Tuesday, September 25, 2007

Under the Ruins

Sorry I haven't blogged in a while. I've been trying to do other sorts of writing. Which are coming along ... slowly.

I know some of you have been concerned about life in my parish. That's what the disturbing statuses on Facebook have been about. Quick reminder of some old news can be had here. For the past month, I've been going to Mass across town, but also meeting with some folks who want to save the parish. A little research and a few phone calls, and the lawyer for the alleged victim in the case emailed us all the depositions of everyone involved.

Now, let me acknowledge a couple of things, which still astound me when I think about it. Having read most of these depositions, I now have more information available to me about the alleged abuser's history than the relevant responsible parties had available to them in 2003 when they assigned him to the parish. I also want to acknowledge that I have read what is basically the alleged victim's case (his lawyer deposing the alleged perpetrator, who took the fifth on everything, and a bunch of other witnesses; the exhibits and supporting evidence that they filed etc). But it's pretty clear to me that there were a TON of red flags on this guy and he could have reasonably been denied access to children as early as 1985, but by the mid-90s it was getting increasingly unreasonable not to deny him access. And, at this point, it looks like so many people in his religious community could have easily decided to look a little deeper, but instead, they looked away.

So, here's this horrible, horrible situation, right. And a bunch of us wrote letters to the priest in charge of the Province, who made the assignment, and more or less demanded that he come up here and meet with us regarding the whole thing. He actually agreed, and came, and we had the meeting last night. So here was the train-wreck waiting to happen: some of us having read all these depositions, convinced this guy was really the best face of the sex abuse crisis since Cardinal Law; him and his entourage, who seemed likely, from his initial email responses to some of us, to dismiss our concerns; plus, many people in parish leadership who had no clue about any of this, and thought we were simply going to talk about 1 abusive priest and had no idea that there was even a hint of anyone else's complicity in the thing.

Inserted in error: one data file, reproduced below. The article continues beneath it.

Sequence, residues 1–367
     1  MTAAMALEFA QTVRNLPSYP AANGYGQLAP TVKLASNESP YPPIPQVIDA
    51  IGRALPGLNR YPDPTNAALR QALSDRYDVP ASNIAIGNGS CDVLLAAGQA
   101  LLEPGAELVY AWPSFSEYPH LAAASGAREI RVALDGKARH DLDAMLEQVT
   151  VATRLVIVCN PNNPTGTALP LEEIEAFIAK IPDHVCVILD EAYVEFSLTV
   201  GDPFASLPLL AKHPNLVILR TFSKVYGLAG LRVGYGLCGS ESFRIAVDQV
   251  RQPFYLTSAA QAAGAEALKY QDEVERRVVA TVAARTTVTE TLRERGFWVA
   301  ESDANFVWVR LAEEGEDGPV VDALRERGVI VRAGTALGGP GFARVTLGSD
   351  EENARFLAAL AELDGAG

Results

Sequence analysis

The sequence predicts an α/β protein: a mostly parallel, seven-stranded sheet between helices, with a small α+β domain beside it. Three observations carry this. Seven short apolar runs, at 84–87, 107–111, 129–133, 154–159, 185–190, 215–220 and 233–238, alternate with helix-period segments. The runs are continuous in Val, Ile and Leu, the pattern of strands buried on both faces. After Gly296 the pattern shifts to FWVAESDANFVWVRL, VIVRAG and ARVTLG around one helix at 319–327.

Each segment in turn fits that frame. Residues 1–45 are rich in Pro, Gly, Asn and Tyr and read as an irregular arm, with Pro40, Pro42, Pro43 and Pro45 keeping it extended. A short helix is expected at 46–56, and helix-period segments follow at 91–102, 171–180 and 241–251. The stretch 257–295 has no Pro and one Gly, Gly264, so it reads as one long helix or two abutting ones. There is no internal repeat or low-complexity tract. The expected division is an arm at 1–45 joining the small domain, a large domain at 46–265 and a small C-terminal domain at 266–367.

But the funny thing is, the wreck didn't exactly happen. First, the priest involved was very reconciliatory and, by my read, humble. (Others mentioned that they found his silent nodding offensively condescending.) He did NOT defend his actions in assigning the priest here. That was somewhat disappointing, as I would still love to hear what he possibly could have been thinking. Basically, he let us beat him up for about an hour. Then he responded a little and we beat him up a little more.

By the way, he told us what penances he was doing related to clergy sex abuse and volunteered to do more if we didn't think it was enough. He didn't quite give us the satisfaction of the truth, nor did he give us platitudinous affirmations. He did apologize.

Many people spoke of the pain of this assignment, of the fear that struck them and the news came out and they began to wonder which of their sons or their friends' sons might have been victimized. They also spoke of a long pattern of poor communication and pastoral neglect that the order as a whole has shown the parish, and how this assignment was not an abnormality but the straw that has broken the camel's back. But they also spoke of how much the community has meant, how much life it has given them, how much of their own lives they have given it. And then the message, loud and clear. Never said quite like this, though close: we are the Church, Father, and we will be the Church with or without you. We don't exactly trust you anymore, but we'll give you another chance. Help us rebuild this place. Help us nurture a place where our kids can learn the faith and be safe. Or get out of the way.

I really was inspired, and I'm still not sure why. It is certainly too much to say that forgiveness and reconciliation have been accomplished. Perhaps I'm astounded that everyone hung in the conversation as long as they did. It feels a bit like a miracle, a bit like Christ's promise that the gates of hell would not prevail against us might be true.

I'm so hopeful, and so afraid to hope. And I've only been here about a year. A strange gift to discover a community I think I might value so much in the basement under the ruins of the nearly-empty church that has been killing my soul all year.